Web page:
The whole crew:
We followed the junkie’s advice and ordered the MaryAnn’s mess – extra spinach – and another round of “rummers.” The Shag and the German were debating again over some previous exchange they had had at that very same bar last week, the Shag apparently recalling it one way, and the German, another. As the Shag was clearly making up details, “Yes, yes, I recall, I was wearing my flannel shirt and sipping a bourbon, when – yes, that’s it, I can see it clearly now, I’m having a flashback to … ”
“Your other personality obviously,” the German pitched in, “because you don’t wear flannel and you sure as hell don’t sip bourbon.” That did me in. I couldn’t then hide the fact that I had been watching them unapologetically like a movie. Blissfully staring. But, I couldn’t help it. The German was sharp and witty and the Shag was a perfect stupefied surface for his comments to bounce off of. But, unfortunately, as it happens, laughing at an old drunk’s joke at a bar is like feeding a dog at the table.
You’ll never shake him then. The Shag turned to me and widened his eyes, like a flower blooming before me. “Oh, what do we have here?” Oh boy, I thought. Here we go. But, he and the German both turned out to be incredibly smart and wildly entertaining. It was the fiftieth anniversary of JFK’s assassination and they both recalled, with vivid detail, where they were and what they were doing when they got the news. Although the Shag claimed it it must have been the memory of his other personality because he wasn’t actually that old. Rick Garcia piped in with an entirely inappropriate but perfectly-timed joke about someone who, legend had it, asked Jackie-O upon her return, “So, aside from that, how was your trip to Dallas, Jackie?” This quip garnered a roar of laughter from the bar-seated audience and was repeated, re-hashed and utterly used up by the time the night was over. The Shag would come back from the bathroom saying it smelt of copper and cat urine, to which we would all respond with “So, other than that, how was your trip to the men’s room, Shag?” The German griped about the piss-poor drink he had got on his last flight, and we would all respond with a “So other than that … ”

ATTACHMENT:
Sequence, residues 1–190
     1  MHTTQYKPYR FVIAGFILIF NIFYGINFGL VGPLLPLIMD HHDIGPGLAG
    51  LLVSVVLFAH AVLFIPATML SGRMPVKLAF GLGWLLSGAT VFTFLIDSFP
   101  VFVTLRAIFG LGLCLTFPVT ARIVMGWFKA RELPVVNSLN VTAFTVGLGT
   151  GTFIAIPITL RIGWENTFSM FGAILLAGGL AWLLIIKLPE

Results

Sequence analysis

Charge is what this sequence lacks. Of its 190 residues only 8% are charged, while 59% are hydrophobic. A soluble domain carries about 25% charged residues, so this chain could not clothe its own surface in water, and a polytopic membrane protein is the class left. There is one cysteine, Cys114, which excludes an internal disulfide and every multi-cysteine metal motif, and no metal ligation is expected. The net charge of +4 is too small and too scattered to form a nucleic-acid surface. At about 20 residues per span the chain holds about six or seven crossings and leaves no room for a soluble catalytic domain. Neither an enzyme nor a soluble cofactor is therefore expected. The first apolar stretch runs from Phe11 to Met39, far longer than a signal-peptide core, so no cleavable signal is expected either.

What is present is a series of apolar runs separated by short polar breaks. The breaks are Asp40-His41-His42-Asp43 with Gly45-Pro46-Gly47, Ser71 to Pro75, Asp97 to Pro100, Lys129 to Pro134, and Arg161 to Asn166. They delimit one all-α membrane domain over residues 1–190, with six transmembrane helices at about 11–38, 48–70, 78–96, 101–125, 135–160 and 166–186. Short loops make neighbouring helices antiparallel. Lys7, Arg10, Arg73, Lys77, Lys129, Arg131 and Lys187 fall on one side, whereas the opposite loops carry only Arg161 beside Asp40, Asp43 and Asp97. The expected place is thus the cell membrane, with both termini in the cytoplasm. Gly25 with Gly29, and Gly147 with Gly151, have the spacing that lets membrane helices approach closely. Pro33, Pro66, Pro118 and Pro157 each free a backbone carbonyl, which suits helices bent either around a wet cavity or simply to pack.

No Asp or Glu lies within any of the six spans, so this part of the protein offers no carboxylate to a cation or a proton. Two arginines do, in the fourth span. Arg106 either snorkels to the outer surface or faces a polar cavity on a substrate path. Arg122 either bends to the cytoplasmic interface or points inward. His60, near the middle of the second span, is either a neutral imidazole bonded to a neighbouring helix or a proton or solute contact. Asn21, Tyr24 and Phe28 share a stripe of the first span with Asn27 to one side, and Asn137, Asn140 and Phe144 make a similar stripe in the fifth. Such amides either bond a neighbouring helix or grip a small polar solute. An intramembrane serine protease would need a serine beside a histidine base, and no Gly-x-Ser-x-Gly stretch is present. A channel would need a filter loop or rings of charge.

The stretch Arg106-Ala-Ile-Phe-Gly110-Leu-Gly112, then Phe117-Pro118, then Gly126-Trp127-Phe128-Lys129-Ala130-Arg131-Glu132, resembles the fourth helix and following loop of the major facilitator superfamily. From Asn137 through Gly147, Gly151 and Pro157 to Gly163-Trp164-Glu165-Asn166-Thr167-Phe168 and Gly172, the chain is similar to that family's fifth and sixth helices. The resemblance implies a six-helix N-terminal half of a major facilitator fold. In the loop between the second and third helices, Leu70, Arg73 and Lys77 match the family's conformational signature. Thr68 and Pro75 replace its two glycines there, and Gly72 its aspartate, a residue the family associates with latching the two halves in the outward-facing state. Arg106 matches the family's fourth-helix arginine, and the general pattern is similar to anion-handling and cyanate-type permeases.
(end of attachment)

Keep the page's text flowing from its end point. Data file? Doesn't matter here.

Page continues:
What we had failed to notice, however, during our bonding with the regulars was the bond that had been forming between the junkie with the pizza box and Bama, who had been stumbling in and out of the joint all night. Bama and the Junkie had somehow found each other in that sparse, dusty bar and were now hunkered together at a sagging picnic table behind us, one arm draped over the other’s shoulder as they belted out “on the cover of the Rolling Stone, the Rolling Stone, the Rolling Stone … ” Bama was a smooth baritone and the Junkie, a raspy alto, but they made a decent duet and us bar hounds raised our glasses and swayed a few times in honor of their harmony. This was entertaining, at first, buy they repeated this verse every nine and a half minutes, approximately, throughout the night and by the fourth rendition we all began a collective eye-roll when they would strike up.
Two drinks in, our pizza finally came, a heaping, melting mozzarella-covered miracle and Phillip and I dove in, dipping whole slices in ranch, wiping swaths of grease from our face and washing it down with rum drinks that seemed to get stronger by the pour. The Shag had hunkered down and was scribbling something on some receipt paper he had pulled from the register.